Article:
The worker bees are sexually underdeveloped females smaller than the queen but capable of laying small numbers of eggs under some conditions. Worker bees that lay eggs are called laying workers. Their eggs, usually placed in worker cells, develop into undersized but functional drones.
Worker-bee larvae hatch from the eggs in 3 days, are fed royal jelly for 2 1/2 days, and then their diet is changed to include pollen and honey for 2 1/2 days. They are sealed in their cells for 12 days, during which period they spin a cocoon and transform from the larvae to the pupae, emerging as adult bees 20 days after the eggs were laid.
The difference in the cell and food environment causes the worker bees to require 5 days longer to develop than the queen, yet their life expectancy is only 5 weeks during the summer and a few months during the winter. Any worker larva under 24 to 48 hours old can be developed into a queen under the proper colony conditions that insures the nurse bees will construct a queen cell and feed royal jelly lavishly to the developing larva. The rearing of queens for market is a highly specialized field of beekeeping.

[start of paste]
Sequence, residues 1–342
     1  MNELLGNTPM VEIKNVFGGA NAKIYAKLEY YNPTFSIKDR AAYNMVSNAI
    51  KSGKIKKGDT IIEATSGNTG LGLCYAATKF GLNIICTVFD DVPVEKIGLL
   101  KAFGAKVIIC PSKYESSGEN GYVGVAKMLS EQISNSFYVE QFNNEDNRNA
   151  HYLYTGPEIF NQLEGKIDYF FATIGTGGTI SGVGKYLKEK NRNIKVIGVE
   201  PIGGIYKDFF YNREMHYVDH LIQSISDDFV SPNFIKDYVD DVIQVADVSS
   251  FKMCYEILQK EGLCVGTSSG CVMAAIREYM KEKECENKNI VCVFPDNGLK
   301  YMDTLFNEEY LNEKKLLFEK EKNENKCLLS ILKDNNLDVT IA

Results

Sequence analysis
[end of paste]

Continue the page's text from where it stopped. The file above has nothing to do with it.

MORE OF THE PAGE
The worker bees differ markedly from the queen in many respects other than function, length of life, and behavior. Structurally they have a longer tongue for gathering nectar, modified mandibles (jaws) especially designed for comb building, special glands for secreting royal jelly, enzymes for the conversion of nectar into honey, and glands that function in communication; highly specialized leg structures for gathering and carrying pollen, four pairs of wax glands on the underside of their abdomen for the secretion of wax, and a straight barbed sting for the defense of the colony. The queen’s sting is curved and smooth and is used only to destroy rival queens.
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